Do you think the answer that you gave of whether it's type one or type two, do you think that changed the person's perception of what was because I I've noticed that when people ask are you type one or type two? When I say type one, they're like oh I'm so sorry. When if it was type two, people kind of feel like you have more ownership of it or it's something that you did to yourself, so they feel less kind of empathetic.



Well it's funny you ask that, because um I think it's the opposite way around. 

 

Elisabeth Poyner  

Really? 



When Yeah, well I told people well look type one there was everything everything is okay with that. Sometimes type one is you can control it better than if you're on type two because even though your sugar levels still bounce way up and down and way up and down, you you can control a better. Whereas type two is a little bit more sometimes I think it's a little more difficult.

 

Elisabeth Poyner  

Yeah I'll actually agree with that because we have insulin as a tool we can get more finer in our management, whereas type two are not always insulin dependent so they're leaning more towards diet, exercise, lifestyle. 



Right. 

 

Elisabeth Poyner  

Um, so yeah, I actually didn't even like think about that.



But it became a very common question, they are okay are you type one or type two? That helped that helped bring the conversation into play and what we're going to discuss, whether it be about you or about, you know, their their individual that they knew or their child or whatever, it became a commonality. You know? So yes, you know I learned a lot from that.

 

Elisabeth Poyner  

Yeah. All right. So that night that I was low, and I wasn't picking up my phone.



Right. Yes, I was Yeah, that that's that's very interesting because technology helps out so much but technology can sometimes lie. 

 

Elisabeth Poyner  

Well no, it didn't it lie.



It didn't lie, but it wouldn't you knew exactly what's going on. I just couldn't get in touch with you. 

 

Elisabeth Poyner  

Yeah, 



You know, you see your everything at that point. I was panicking. Okay. Is she lying on the ground somewhere in a coma? That's what came into my mind. And we were I was a little frantic about that, you know,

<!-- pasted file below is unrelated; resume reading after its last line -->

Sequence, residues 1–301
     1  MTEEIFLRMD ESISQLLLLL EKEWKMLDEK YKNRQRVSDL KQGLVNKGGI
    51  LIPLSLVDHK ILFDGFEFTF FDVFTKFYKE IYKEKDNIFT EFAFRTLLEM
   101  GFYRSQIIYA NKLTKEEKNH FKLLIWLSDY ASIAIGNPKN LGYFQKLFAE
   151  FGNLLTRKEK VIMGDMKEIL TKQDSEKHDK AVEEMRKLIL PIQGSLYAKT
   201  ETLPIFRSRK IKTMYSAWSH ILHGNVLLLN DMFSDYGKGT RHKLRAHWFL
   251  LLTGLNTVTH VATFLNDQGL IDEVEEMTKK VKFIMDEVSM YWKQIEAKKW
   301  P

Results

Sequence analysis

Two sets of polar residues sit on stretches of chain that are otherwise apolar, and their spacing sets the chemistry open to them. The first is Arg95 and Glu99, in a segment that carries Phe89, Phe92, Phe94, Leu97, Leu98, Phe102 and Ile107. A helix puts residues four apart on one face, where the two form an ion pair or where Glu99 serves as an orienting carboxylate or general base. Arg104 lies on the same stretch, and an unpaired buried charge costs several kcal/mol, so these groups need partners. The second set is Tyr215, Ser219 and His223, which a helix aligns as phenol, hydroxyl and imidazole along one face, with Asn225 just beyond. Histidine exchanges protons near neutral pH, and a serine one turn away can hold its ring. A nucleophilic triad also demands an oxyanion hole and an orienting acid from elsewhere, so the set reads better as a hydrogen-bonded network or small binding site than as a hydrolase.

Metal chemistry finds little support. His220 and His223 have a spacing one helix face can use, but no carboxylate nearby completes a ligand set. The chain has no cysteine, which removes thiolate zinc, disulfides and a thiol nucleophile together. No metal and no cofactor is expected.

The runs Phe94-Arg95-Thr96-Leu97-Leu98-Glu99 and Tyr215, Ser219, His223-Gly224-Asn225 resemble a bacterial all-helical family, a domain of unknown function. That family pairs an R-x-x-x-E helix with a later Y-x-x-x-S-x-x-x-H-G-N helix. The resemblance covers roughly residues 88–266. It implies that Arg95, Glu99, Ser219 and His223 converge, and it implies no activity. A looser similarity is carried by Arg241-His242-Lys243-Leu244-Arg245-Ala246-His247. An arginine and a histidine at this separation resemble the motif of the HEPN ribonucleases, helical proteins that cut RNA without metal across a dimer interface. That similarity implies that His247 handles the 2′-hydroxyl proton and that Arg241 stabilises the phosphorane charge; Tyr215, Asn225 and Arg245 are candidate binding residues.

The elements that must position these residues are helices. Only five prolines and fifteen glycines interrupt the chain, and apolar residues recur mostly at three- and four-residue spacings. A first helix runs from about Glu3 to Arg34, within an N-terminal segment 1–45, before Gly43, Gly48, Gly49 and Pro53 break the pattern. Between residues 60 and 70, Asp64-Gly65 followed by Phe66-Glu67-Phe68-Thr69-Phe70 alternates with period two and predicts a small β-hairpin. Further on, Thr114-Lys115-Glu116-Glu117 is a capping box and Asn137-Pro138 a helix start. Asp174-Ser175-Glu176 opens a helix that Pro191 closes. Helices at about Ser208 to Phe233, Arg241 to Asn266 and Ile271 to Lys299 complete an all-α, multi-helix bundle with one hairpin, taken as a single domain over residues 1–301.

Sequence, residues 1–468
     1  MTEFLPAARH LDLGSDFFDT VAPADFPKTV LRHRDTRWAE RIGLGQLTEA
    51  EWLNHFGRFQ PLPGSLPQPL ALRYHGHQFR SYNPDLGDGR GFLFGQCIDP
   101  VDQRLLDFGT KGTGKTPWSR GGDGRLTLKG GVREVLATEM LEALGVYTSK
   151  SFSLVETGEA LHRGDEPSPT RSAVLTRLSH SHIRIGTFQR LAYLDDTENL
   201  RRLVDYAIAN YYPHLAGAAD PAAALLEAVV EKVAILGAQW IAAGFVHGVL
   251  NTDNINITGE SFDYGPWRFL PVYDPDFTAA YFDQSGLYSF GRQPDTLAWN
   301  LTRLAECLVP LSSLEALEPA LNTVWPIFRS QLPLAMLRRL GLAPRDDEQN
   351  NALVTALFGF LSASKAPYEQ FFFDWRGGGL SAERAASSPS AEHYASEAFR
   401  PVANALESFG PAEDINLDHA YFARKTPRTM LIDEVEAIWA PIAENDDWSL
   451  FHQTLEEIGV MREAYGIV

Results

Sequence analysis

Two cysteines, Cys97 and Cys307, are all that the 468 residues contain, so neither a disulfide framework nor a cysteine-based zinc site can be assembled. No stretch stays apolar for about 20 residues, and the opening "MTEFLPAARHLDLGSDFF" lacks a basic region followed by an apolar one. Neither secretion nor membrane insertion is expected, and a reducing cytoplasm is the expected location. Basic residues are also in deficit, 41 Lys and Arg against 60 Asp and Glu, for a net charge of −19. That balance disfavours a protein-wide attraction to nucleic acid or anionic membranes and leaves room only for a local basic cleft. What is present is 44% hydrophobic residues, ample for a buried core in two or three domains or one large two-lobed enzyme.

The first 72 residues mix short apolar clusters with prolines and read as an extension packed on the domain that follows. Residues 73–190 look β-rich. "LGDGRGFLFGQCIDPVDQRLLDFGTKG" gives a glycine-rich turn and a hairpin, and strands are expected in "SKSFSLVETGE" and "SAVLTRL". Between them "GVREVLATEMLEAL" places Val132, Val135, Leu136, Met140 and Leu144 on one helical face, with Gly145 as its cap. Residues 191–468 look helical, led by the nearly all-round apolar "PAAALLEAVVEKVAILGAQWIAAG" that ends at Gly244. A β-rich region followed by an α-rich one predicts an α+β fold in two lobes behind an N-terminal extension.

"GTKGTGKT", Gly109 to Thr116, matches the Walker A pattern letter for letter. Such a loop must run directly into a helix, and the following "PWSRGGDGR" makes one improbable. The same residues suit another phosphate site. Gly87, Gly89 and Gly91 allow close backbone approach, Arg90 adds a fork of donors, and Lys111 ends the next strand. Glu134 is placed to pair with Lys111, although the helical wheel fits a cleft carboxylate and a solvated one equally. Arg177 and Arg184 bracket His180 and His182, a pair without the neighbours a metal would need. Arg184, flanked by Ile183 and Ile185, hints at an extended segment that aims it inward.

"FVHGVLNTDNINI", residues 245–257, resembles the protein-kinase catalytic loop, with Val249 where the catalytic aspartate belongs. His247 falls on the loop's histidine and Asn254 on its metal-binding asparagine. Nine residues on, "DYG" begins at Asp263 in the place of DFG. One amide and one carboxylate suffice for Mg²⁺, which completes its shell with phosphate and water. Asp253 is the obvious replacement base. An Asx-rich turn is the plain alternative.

Elisabeth Poyner  

Yeah, I wasn't answering but that was almost a good learning experience I think for us because we had used the Dexcom Share app as like a way of saying okay, if anything happens this lets us know but I don't think until that day we actually made a plan of like what to do. So that that the next day we actually made a plan right?



Yeah. We got we got me think I think we got numbers of your friends or whatever that we were going to call right away and your apartment complex. Were something was happening were this was going to happen again. We were going to get answers a lot quicker.

 

Elisabeth Poyner  

Yeah, I think I gave you a number for my apartment complex. Yeah, we had a security guard there. 



Yeah, yeah. So yeah, that was a that was a concerning like as far as overall, you know, I knew that you were okay. But I also knew you know, I have watched you over the course of time, understanding the disease better, learning about how to handle it and how to give other people advice on how to handle it and becoming an expert in the disease too as well. You you became you know just sort of your life you've become an expert in what you're doing and now you're helping other people. And I couldn't be more proud of that you know this was somewhat of a blessing that it happened to you because it's turned out where it's helped many other people.

 

Elisabeth Poyner  

and I feel like I know my body 10 times better than I ever have. And I just understand my health and you know, yeah, can kind of



Yeah, I completely concur with that I mean, you're a maniac

 

Elisabeth Poyner  

Not a maniac. Well, okay, so fast forward again, another few years. So I moved home from Miami at that point and about yeah, a year and a half later, I had left my corporate job to pursue the health coaching 



Yes, 

 

Elisabeth Poyner  

And that was a big conversation, especially between you and I because of your entrepreneurial background just you know, how did that feel of knowing that I was leaving something steady, with a disease like type one, where things are more expensive. I would lose health insurance. Yeah, can you just speak to that a little bit? Could've gone without failing fluid dynamics. saved a lot of money, but,